Tupelo — W.O. Jones (that’s officially William Oliver) intended to be an engineer. He even earned an engineering degree from Memphis State University in his hometown. He says he got into human resources by accident when he worked at the Sears Mail Order Distribution Center in Memphis. That was 22 years ago, and he hasn’t looked back.
“I would choose HR again. I’ve really enjoyed it,” he says. “It’s challenging and touches all employees. I don’t do the same thing every day. That’s what I like about it.”
Jones, 58, is senior vice president and director of human resources for BancorpSouth, a network consisting of 270 branches and 4,500 employees in six states. He spent 21 years with Sears in various assignments and was recruited in 1978 by then Bank of Mississippi to head their human resources activities.
Fellow BancorpSouth employee Randy Burchfield says Jones has the right personality for human resources and is a good listener. To which Jones responds, “I’m a good talker, too.”
The personable Jones remembers when human resources was called personnel. Back then, it was more about where employees went to sign up for insurance and payroll and to complain.
“Now it’s more the people side of business, because people are considered more than a raw material,” he says. “Human resources is in most places just down the hall. They’re there when business plans to attract and retain the right people. HR is a business partner.”
Jones feels that HR will become more important as society becomes more technical. “People are more important. We can’t program everything,” he said. “Having well-trained people is important and plants know that.”
In many cases HR acts as a judicial branch in the workplace, trying to make decisions for both sides. “We have to act like Solomon and use sound judgement but there are gray areas,” he said. “We’re a safeguard to make sure employees are treated fairly. If people have problems, we try to change the behavior. That’s an unpleasant part.”
He’s a firm believer in making sure employees are treated in a fair and equitable way so they will treat customers the same way. “If the workforce is not on board with you, you won’t win,” he said. “When there’s a merger in the company, the HR team is on site within a day of the announcement trying to make the new employees feel a part of BancorpSouth.”
Jones has experienced big changes in human resources. Part of that is the specialization of the work. In every facet the work regulations have increased and are very time consuming. “It’s hard to keep up with it, and we continuously go to seminars,” he said. “What was true five years ago may not remain that way.”
He spends a big part of his time dealing with constantly changing regulations and issues that don’t fit into a particular category. Often he must consult with government agencies before action is taken. Keeping that regulatory consistency is one reason BancorpSouth’s HR function is centralized. The department is made up of 11 people with coordinators working in local areas.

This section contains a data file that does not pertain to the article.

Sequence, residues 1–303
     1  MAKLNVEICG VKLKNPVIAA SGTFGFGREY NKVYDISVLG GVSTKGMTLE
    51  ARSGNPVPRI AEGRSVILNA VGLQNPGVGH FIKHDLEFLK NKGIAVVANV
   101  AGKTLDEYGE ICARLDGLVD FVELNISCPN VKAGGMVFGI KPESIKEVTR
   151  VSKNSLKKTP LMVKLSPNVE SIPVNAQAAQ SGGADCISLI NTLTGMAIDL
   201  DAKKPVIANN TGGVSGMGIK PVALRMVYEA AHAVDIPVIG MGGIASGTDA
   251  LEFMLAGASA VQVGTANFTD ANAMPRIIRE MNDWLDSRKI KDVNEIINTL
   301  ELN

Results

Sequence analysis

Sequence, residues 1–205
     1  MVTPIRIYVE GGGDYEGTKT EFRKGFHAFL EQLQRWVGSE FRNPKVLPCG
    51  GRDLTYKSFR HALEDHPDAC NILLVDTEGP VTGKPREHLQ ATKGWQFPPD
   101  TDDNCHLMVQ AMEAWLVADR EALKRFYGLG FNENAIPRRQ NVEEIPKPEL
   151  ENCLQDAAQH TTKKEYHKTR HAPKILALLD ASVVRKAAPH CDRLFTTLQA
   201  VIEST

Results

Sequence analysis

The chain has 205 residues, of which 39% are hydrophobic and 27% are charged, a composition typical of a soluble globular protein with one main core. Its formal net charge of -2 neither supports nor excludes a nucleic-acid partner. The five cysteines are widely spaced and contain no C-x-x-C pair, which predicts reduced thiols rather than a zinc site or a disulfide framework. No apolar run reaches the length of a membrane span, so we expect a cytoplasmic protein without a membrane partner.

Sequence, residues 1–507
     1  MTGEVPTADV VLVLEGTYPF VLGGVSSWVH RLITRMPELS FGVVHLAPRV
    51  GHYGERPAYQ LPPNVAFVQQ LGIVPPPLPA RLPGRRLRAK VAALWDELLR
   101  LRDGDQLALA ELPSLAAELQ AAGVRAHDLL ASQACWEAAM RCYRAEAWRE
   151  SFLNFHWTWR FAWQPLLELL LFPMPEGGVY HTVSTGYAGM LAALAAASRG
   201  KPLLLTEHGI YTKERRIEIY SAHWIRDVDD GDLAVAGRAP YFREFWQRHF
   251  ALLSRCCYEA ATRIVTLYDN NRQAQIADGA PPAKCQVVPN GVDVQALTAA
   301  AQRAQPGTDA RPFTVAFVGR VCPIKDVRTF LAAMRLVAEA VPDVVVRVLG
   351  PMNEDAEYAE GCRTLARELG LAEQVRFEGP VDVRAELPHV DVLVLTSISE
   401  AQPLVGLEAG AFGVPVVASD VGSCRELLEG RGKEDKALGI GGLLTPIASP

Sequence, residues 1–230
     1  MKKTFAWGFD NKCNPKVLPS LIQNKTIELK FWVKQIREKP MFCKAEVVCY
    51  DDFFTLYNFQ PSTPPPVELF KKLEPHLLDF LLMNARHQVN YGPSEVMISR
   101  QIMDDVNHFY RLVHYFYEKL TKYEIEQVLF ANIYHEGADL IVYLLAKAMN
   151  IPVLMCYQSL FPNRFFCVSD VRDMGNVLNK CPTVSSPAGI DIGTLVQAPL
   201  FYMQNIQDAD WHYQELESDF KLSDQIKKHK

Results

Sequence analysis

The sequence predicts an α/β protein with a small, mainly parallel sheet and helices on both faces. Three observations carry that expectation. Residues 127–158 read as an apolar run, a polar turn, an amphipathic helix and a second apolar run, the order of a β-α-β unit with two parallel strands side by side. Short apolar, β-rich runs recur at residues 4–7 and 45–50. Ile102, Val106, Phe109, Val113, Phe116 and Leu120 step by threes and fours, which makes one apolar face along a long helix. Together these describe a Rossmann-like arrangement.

“I am concerned that people working in HR get burned out by having to resolve problems and being away from the positive side of it,” he said. “The HR programs in colleges prepare students in theory, but they don’t see how it’s applied. Issues are not just black and white, and nothing can help you know what to do in a gray area except being in it.”
The biggest change he’s witnessed in his HR career is the willingness of employees to change careers many times.
“Twenty-five years ago, people came to work out of school and stayed and got the gold watch,” Jones said. “Now we are more mobile and will look for opportunities. Employees are not as patient, and we must keep them rewarded and challenged because it’s usually the brightest ones who make changes.”
When hiring a HR employee, this professional looks for in-born personality traits such as empathy and caring about others, along with maturity. “If they have that, we can teach them the rules and practices,” he said, “but you can’t teach them to be good listeners. They must also have confidentiality because they will know a lot of private information.”
Jones is pleased to see these college programs and that now professional HR organizations have campus chapters. “HR is considered a career path now and a partner with management. That’s a good change I’ve seen. It helps with issues to be on the front end,” he said.
He sees the HR field as a growing one that will continue as demographics change and the population gets older. “It will be a challenge for all companies to keep qualified workers and that will be more true as we become more service oriented,” he said.
Hiring someone and watching a career grow as the employee moves up the ladder is a rewarding part of working in HR. Jones says he’s been in it long enough to see that happen. The most challenging thing for him is dealing with the small percentage of people who require severe discipline, especially when terminations are involved.
“We have checks and balances to make sure it’s consistent at all 270 branches,” he said.
Contact MBJ contributing Lynn Lofton at email@example.com.
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